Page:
Congratulations to JPL, and the whole NASA team, on successfully landing the Curiosity Rover on Mars; and thanks for sharing the landing experience on NASA TV last night! Curiosity travelled from the Earth to Mars in about eight months, traveling 352 million miles (569 million km), leaving a rotating and orbiting Earth, to rendezvous with Mars, also rotating and orbiting the Sun, and landed within the target site in Gale Crater: very cool and precise calculations, but also an amazing feat of engineering. On entering the atmosphere of Mars, at some 13,200 miles per hour (21,000 kph), the space craft slowed to zero using a heat shield, a supersonic parachute, and a rocket powered sky crane to gently lower the one ton Curiosity Rover onto the surface of Mars. Very, very, cool. So now we can look forward to exploring Gale Crater and the three-mile high (5 km)  Mount Sharp that rises from the crater’s center. Maybe it’s tough to justify the US$2.5 billion spent, but the Curiosity mission is inspiring, creates a new technology knowledge base and, hopefully, will provide more insights into why Mars is such a dry planet, where the water was and still is, and, maybe, discover that life did exist, or still exists! Curiosity adds one more building block to a possible future of humans living on Mars and developing new opportunities for mankind using the planets resources and low gravity environment . Check out the NASA site: For a simplified way to calculate a path to Mars check out:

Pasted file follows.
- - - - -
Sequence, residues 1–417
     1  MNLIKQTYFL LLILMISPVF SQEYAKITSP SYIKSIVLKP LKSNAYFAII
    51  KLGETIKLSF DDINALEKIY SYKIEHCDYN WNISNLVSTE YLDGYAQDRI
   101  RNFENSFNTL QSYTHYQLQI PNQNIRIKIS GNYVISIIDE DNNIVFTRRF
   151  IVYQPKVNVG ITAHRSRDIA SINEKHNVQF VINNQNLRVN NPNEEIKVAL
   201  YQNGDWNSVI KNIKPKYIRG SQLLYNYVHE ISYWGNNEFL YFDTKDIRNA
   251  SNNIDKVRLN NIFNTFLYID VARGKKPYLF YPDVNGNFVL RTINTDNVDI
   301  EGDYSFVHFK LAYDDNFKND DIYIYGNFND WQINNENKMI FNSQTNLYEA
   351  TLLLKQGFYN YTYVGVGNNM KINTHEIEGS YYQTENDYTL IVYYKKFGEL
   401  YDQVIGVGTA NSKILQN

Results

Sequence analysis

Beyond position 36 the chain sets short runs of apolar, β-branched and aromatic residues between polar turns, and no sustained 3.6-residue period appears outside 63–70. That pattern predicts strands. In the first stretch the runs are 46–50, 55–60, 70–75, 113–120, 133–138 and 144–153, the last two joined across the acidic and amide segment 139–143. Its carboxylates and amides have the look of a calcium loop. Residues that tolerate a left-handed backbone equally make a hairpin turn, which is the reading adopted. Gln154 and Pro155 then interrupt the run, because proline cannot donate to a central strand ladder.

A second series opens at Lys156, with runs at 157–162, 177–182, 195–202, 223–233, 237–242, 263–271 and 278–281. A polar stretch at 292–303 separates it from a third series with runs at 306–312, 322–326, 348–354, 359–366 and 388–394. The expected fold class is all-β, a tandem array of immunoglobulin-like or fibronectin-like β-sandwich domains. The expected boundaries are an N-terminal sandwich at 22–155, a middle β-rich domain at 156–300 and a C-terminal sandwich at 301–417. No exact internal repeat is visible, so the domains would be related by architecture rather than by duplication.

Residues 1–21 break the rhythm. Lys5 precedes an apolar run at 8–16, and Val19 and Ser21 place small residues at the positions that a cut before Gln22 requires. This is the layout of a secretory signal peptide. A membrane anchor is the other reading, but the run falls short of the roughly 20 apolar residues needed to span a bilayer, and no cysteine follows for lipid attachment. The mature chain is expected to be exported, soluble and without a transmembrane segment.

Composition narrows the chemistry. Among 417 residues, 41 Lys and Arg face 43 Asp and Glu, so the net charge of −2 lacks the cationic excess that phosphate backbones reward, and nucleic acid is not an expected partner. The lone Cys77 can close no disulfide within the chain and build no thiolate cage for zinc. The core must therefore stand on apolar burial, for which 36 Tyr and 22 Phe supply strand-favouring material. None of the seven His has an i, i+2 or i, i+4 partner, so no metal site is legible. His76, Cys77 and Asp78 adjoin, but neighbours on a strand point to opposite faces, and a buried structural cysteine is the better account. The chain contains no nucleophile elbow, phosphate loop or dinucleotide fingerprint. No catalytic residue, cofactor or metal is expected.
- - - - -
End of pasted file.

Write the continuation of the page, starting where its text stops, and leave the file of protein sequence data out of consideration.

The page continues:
Image credit: NASA/JPL-Caltech

(i) Leaving Earth. (ii) Supersonic Parachute deployed and craft moving to Gale Crater on right. (iii) View of Mt Sharp (3.4 miles high) after landing. (iv) Earth and Mars elliptical orbits, both planet’s rotating about their own axis. Flight path is calculated to take in speed of space craft, orbits and axial rotation of planets, Mars atmosphere, and means to slow the space craft to a stop. (v) The base of Mars’ Mount Sharp – the rover’s eventual science destination – is pictured in this August 27, 2012 NASA handout photo taken by the Curiosity rover.  (vi)View of rim of Gale Crater. All NASA and JPL photos.

Curiosity landed facing east-southeast within Gale Crater, with a heading of 112.7 degrees (plus or minus five degrees), and a few degrees of tilt. A Sol 1 overpass by Mars Odyssey will provide additional information on Curiosity’s position and additional imagery.

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